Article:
The more or less successful experiment of bringing the Windows interface to the Linux environment has been attempted several times. Ubuntu is a Linux distribution derived from Ubuntu that has a user interface that closely resembles that of Windows 11. Indeed, at first glance, the Wubuntu desktop looks just like that of Windows 11 with the Mica design, the icons centered in the application bar, the traybar, fonts practically indistinguishable from the Microsoft operating system.
Wubuntu inherits the legacy of Windowsfx, an Ubuntu-based Linux operating system that sought to provide a Windows-like experience. Since the end of June 2023, the author of the project – Raphael Rachid – decided to rename Windowsfx to Wubuntu. Rachid has not yet explained the reasons for his decision but in fact Windowsfx is now definitively shelved to make room for the new Wubuntu.
What is Wubuntu and how the Windows 11 experience works on Linux
The full name of the Wubuntu project is The Windows Ubuntu Operating System. It is a platform designed for those who prefer the interface and features of Windows but want to use a Linux-based operating system.
Distributed in various versions, Wubuntu focuses on desktop environment Plasma, part of the KDE (K Desktop Environment) project. It’s a desktop environment highly customizable, powerful and flexible that offers a wide range of features to enhance the user experience. Based on advanced technologies such as Qt and KDE Frameworksthe possibilities of customization are really noticeable: Wubuntu’s interface is almost indistinguishable from that of a Windows 11 system.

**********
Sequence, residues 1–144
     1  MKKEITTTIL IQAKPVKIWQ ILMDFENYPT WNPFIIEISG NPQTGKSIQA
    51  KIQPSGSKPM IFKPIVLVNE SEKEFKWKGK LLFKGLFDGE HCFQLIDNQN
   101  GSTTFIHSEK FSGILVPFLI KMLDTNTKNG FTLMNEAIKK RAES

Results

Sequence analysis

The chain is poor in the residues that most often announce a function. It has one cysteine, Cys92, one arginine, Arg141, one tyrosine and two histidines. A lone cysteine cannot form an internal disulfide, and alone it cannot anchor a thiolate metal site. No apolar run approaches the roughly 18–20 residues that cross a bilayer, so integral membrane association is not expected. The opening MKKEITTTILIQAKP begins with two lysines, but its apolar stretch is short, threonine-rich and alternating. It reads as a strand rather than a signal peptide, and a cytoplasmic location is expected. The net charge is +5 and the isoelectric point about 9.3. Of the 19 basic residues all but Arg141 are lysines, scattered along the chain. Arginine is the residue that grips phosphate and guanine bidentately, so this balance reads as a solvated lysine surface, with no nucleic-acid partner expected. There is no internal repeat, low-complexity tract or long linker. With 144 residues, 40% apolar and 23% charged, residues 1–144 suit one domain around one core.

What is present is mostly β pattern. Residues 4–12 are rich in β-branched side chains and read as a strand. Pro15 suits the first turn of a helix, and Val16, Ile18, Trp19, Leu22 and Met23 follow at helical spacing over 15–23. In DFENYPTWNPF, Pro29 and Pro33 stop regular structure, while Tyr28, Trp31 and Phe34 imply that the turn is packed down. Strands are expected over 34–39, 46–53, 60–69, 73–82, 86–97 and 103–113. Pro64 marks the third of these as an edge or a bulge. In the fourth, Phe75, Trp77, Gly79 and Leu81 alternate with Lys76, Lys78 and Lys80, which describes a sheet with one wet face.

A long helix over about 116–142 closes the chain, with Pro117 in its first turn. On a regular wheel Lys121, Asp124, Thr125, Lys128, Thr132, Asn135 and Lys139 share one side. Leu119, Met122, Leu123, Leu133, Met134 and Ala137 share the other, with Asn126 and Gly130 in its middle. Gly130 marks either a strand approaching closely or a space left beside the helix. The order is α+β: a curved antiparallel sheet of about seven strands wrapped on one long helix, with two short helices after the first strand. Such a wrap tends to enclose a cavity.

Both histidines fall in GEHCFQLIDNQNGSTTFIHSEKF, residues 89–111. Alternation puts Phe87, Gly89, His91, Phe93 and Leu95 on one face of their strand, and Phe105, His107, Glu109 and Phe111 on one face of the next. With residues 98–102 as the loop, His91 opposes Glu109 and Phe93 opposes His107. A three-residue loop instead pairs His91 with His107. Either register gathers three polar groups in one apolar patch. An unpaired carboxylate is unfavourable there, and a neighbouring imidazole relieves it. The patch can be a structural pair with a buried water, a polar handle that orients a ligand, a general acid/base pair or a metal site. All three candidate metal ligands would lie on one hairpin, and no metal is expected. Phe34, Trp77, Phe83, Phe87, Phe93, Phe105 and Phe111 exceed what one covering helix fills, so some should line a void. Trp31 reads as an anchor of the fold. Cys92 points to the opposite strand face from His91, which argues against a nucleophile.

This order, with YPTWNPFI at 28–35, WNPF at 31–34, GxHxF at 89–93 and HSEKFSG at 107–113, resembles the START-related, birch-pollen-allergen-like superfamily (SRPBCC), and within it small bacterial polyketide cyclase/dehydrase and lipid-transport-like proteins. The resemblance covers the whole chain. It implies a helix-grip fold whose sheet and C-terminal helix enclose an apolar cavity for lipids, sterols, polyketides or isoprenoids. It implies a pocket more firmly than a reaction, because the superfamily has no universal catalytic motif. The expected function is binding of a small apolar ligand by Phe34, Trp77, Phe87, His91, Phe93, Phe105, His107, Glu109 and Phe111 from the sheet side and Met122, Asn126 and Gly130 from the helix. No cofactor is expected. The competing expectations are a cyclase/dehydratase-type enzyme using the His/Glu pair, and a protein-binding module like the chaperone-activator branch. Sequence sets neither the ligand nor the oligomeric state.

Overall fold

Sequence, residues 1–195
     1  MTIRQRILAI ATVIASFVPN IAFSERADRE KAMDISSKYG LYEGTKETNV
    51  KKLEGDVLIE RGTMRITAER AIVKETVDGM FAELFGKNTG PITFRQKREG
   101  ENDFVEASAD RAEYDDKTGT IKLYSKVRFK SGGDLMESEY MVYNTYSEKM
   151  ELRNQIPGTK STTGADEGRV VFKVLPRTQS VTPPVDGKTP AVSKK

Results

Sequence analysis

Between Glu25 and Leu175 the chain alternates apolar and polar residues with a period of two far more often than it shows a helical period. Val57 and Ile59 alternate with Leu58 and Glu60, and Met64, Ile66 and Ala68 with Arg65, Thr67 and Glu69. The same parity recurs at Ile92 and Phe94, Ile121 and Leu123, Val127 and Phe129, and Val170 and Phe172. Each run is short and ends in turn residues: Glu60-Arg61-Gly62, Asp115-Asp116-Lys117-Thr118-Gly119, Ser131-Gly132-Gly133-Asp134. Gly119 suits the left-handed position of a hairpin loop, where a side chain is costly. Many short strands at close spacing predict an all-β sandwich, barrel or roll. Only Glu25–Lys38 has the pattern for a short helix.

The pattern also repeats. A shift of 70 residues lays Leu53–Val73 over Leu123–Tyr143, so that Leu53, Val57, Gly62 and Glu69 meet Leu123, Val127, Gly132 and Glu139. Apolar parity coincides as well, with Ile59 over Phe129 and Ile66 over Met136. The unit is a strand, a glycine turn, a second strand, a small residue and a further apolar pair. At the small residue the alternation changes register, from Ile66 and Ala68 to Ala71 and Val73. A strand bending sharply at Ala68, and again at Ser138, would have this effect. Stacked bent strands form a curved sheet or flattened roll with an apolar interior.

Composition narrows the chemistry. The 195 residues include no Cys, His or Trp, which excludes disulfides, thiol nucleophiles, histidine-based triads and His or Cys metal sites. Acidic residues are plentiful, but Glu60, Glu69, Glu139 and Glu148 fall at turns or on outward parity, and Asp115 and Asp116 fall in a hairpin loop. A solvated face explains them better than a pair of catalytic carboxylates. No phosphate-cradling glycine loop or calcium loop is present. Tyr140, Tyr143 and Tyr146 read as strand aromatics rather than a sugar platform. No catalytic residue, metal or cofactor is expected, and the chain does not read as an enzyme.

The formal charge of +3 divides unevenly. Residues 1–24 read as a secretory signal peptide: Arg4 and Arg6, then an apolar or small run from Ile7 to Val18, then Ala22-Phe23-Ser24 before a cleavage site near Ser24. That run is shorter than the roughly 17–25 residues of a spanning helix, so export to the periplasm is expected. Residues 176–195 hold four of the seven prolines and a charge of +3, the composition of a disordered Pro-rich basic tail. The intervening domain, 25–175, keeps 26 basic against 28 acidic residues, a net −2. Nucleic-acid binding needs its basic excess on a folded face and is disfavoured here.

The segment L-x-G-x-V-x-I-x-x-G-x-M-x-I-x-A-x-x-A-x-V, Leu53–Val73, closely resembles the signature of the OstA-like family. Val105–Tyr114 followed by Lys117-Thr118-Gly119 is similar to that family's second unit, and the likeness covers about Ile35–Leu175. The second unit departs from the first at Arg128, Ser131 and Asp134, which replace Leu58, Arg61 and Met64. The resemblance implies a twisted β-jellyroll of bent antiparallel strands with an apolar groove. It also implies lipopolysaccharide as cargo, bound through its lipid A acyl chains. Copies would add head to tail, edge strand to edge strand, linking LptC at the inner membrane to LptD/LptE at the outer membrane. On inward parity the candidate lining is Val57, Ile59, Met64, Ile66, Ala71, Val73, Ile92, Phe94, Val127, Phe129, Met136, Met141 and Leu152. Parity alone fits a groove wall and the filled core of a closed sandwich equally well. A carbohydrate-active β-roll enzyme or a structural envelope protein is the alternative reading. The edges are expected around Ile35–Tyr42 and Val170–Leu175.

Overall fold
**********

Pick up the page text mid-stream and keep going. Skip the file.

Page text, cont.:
The effort that the developer has put into making the Plasma desktop as close to Windows 11 as possible is impressive: anyone who hasn’t internalized details such as window border width, icon spacing and Windows fonts may not notice, at least at first vista, to use a Linux machine. In this sense the experiment conducted by Rachid is undoubtedly a great success.
Apart from the very similar interface to Windows 11, the others functionality offerings from Wubuntu could be manually added by users with virtually any Linux distribution. The advantage of Wubuntu is that the platform already collects them under a single “hat”, ready to be used.